The Virgin Missing Adventure Cold Fusion by Lance Parkin implies that one of these prior Doctors was the incarnation of the Doctor active at the time of the birth of Susan Foreman. However, the subsequent Virgin New Adventures novel Lungbarrow states that Hartnell's Doctor was the first, implying instead that the faces represent incarnations of the Other, one of the founders of Time Lord civilisation, of whom the Doctor is the reincarnation.
The original script was written by Terrance Dicks, using some ideas from his script of the stage play Doctor Who and the Daleks in the Seven Keys to Doomsday to a requirement from Hinchcliffe for a story about a human/robot relationship. However, after delivery Dicks was out of the country when it was decided that the robot, core to the story, could not be realised under the budget constraints. In excising the character Script editor Robert Holmes had to undertake the substantial rewrites without informing Dicks, who could not be contacted. The robot character was replaced with Solon who required a different motivation—that of a mad scientist. Dicks later said of the decision that it was not original but it was the "only one available". Upon his return to the United Kingdom, Dicks learnt of the changes and angrily phoned Holmes. Since the work was more Holmes than his own, Dicks demanded the removal of his name from the credits saying it could go out under a "bland pseudonym". This ended up being the name Robin Bland. The episodes were recorded entirely in studios during October 1975.
Philip Madoc had already appeared in The Krotons and The War Games and would appear afterwards in The Power of Kroll. He also had a role in the film Daleks - Invasion Earth 2150 AD and appeared in the audio plays Master and Return of the Krotons. Colin Fay was a fortunate find for the production team: an opera singer by trade, he was a large man and, as a newcomer to television, cheap to hire. Other cost cutting included hiring only a single professional dancer who was copied in the scenes by actresses who had been chosen because of previous dancing experience.
Broadcast and reception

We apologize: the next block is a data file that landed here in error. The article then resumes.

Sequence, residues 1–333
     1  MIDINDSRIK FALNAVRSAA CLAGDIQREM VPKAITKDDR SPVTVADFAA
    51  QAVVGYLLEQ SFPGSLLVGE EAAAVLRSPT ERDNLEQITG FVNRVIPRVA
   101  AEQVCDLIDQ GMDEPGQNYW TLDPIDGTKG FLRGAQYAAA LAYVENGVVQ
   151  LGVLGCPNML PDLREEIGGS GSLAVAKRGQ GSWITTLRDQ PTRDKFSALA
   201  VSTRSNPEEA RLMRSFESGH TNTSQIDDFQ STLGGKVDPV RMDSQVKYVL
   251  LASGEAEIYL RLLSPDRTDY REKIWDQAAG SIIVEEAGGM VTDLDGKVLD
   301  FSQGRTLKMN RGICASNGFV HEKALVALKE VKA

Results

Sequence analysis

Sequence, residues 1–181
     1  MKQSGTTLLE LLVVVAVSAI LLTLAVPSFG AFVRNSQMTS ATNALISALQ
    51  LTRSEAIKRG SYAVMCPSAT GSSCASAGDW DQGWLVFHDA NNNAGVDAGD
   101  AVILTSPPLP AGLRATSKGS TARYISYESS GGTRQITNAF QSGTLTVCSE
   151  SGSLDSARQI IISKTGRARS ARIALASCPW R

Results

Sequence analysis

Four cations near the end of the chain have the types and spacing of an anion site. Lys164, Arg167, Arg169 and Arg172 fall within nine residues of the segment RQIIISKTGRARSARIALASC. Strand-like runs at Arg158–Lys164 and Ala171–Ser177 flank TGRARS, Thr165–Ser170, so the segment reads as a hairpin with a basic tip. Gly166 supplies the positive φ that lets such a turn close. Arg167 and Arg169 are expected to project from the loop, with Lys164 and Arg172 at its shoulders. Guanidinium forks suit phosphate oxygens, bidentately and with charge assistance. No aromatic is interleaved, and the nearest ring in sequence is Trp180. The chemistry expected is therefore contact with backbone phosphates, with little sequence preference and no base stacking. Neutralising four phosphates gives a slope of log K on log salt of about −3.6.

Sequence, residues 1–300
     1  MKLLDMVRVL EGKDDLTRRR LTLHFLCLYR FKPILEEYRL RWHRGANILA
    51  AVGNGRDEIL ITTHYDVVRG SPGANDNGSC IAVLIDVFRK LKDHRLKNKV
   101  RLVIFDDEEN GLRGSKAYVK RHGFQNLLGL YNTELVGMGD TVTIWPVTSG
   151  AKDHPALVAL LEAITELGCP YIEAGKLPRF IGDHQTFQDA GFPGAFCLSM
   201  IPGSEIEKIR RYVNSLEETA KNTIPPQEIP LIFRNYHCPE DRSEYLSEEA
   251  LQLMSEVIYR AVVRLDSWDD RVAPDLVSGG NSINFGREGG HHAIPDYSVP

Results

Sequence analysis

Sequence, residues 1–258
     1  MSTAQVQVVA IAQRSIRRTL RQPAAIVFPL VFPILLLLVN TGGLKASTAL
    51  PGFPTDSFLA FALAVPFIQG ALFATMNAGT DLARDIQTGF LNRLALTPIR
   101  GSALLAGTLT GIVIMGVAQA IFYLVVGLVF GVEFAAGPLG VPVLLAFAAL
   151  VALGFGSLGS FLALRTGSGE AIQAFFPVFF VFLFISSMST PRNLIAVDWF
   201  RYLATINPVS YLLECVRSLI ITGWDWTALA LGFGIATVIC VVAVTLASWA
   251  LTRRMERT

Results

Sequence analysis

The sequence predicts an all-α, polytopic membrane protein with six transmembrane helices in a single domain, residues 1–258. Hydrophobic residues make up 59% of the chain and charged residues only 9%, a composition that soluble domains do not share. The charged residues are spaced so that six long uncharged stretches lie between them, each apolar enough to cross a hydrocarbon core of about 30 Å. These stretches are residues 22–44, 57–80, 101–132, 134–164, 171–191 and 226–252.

|Episode||Broadcast date||Run time||Viewers
|"Part One"||3 January 1976||25:25||9.5|
|"Part Two"||10 January 1976||24:46||9.3|
|"Part Three"||17 January 1976||25:07||10.1|
|"Part Four"||24 January 1976||24:18||10.2|
Upon the story's original broadcast, Mary Whitehouse (of the National Viewers' and Listeners' Association) complained of the violence displayed; she was quoted saying that The Brain of Morbius "contained some of the sickest and most horrific material seen on children's television". At the time the programme was under close scrutiny by the NVALA; complaints centred on the shooting of Condo by Solon with a resulting spurt of blood.
The story was repeated on BBC1 at 5:50 pm on 4 December 1976, edited and condensed into a one-hour-long omnibus episode. This edit—done without the director's participation—was similar (but not exactly the same) to the one used for the 1984 video release. The omnibus repeat was seen by 10.9 million viewers, a higher audience than the original episodic broadcast.
Paul Cornell, Martin Day, and Keith Topping wrote of the serial in The Discontinuity Guide (1995), "A superb exploration of gothic themes. Philip Madoc's portrayal of Solon is crucial to the story's success, and the pseudonymous epithet 'bland' is not at all deserved." In The Television Companion (1998), David J Howe and Stephen James Walker praised Madoc as Solon and the sets, and noted that the violence was realistic but adult. Together with Mark Stammers in the Fourth Doctor Handbook they described it as "everything a good piece of drama should be: entertaining, enjoyable, effective and emotional" In 2010, Patrick Mulkern of Radio Times noted that Solon's insistence that he only use the Doctor's head was "a fundamental lapse in logic", but otherwise said that the serial was "a salivating treat". The A.V. Club reviewer Christopher Bahn found some minor problems in the script, but gave a positive review of the story, pointing out how it did not ripoff classic stories but repurposed them. DVD Talk's David Cornelius gave the serial four out of five stars, saying that it "allows for a wide range of storytelling tones without feeling cluttered or uneven" though at points the "silliness" of the Morbius costume threatened to "overtake" the story.